An abbreviation for Live End/Dead End, this is a studio design technique that combines a "live" (reflective or diffuse) area in the rear of the room and a "dead" (highly absorptive) area at the front of the control room, surrounding the speakers.
Live End Dead End (TM). A style of recording control room design in which, among other things, the front half of the room is acoustically 'dead' - without strong reflections - and the rear half is reflective and diffusive. Conceived in the days of two-channel stereo, and loudspeakers with problematic directivity, the relevance to multichannel audio is questionable.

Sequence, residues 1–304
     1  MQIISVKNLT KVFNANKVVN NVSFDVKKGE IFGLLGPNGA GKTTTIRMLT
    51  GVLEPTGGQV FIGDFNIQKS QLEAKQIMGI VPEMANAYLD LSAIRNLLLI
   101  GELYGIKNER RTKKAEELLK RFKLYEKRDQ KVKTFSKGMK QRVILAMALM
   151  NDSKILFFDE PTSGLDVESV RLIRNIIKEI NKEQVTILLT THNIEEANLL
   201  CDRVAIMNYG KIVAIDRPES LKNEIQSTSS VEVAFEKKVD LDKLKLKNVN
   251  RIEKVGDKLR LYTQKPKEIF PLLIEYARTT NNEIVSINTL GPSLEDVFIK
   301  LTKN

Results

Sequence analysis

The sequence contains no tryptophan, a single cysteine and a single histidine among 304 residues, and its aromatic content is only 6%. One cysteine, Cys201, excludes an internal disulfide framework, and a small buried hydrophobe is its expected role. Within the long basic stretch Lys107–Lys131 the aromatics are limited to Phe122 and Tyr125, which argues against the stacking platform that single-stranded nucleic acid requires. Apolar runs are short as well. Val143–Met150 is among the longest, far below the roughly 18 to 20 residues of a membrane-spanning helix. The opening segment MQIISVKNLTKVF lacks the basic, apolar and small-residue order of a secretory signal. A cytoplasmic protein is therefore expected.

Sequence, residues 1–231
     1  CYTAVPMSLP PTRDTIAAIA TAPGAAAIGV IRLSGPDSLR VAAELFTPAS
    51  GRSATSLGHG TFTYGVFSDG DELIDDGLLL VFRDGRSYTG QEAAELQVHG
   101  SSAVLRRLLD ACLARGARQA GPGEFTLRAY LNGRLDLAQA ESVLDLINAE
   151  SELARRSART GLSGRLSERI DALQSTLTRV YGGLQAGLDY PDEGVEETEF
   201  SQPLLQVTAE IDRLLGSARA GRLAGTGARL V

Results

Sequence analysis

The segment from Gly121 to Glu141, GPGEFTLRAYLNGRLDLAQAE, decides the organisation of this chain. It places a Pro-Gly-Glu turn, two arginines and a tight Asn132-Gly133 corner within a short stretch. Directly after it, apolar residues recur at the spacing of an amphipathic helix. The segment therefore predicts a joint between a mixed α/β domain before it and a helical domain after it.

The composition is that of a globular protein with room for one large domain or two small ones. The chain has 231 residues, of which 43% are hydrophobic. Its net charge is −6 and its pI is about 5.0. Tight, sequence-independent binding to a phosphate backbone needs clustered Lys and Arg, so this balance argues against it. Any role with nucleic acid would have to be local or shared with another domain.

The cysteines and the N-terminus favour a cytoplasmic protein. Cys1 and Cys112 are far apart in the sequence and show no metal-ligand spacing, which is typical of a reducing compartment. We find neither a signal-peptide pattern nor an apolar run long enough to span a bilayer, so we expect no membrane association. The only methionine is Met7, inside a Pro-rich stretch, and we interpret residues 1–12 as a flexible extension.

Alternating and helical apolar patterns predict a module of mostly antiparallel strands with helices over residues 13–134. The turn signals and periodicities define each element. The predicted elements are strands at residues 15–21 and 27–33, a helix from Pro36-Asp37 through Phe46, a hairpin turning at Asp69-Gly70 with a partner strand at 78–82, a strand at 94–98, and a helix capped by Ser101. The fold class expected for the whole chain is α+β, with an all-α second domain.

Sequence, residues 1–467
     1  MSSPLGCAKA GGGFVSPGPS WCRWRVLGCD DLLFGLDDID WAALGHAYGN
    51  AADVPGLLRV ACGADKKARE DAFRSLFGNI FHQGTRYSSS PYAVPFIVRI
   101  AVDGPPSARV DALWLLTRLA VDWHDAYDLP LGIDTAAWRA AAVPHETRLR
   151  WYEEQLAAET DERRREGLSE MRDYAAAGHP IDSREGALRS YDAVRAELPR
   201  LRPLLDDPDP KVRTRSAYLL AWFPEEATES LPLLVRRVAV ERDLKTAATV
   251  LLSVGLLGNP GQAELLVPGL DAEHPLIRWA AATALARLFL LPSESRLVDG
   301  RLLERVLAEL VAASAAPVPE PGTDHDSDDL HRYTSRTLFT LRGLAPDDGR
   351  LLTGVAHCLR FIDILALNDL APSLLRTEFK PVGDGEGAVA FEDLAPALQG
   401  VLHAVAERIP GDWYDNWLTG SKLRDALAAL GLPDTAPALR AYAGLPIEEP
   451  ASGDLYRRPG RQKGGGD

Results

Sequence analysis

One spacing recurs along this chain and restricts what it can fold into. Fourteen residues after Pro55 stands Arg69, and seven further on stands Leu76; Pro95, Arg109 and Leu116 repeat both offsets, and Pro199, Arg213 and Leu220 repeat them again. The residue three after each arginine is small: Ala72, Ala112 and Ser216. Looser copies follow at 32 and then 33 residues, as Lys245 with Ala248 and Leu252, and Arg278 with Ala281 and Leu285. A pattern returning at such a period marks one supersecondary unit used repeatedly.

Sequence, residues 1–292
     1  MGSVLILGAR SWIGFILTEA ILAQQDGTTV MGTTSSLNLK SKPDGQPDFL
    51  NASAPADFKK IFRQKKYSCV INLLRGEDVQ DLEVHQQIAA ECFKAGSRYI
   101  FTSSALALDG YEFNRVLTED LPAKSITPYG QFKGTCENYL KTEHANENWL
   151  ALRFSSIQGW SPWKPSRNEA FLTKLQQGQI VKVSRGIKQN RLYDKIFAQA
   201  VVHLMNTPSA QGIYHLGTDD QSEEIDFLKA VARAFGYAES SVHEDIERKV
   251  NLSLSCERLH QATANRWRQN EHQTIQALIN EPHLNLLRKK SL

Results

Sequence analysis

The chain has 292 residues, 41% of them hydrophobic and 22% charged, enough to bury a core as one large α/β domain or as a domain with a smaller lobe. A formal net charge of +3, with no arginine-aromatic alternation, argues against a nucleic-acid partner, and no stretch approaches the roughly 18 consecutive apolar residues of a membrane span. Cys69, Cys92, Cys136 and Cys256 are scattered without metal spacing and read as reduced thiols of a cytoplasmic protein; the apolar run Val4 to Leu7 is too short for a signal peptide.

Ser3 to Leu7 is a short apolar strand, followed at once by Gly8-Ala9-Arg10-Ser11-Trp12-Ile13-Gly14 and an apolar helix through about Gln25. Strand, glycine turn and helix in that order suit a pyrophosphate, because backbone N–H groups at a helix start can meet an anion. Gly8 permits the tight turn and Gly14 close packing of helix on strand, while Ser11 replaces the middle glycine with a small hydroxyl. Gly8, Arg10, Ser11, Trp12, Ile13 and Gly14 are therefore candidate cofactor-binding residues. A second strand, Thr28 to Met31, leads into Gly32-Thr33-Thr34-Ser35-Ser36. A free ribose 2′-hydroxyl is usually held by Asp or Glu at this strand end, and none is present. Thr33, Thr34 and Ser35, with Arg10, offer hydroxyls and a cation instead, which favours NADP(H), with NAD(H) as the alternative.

Live-End-Dead-End room. A room designed to attenuate speaker reflections from adjacent walls, while highlighting the more delayed, scattered reflections from the far end, behind the listeners. This keeps the recorded signals from being strongly modified by the front of the listening room and allows the longer delays from the rear to place room-generated ambience where it belongs. An LEDE room will be heavily padded at the speaker end and lined with diffusing panels at the other end. The absorptive characteristics of this room may result in recordings that are overly bright when played back on wide-dispersion speaker systems located in typical, somewhat more reflective, home-listening rooms.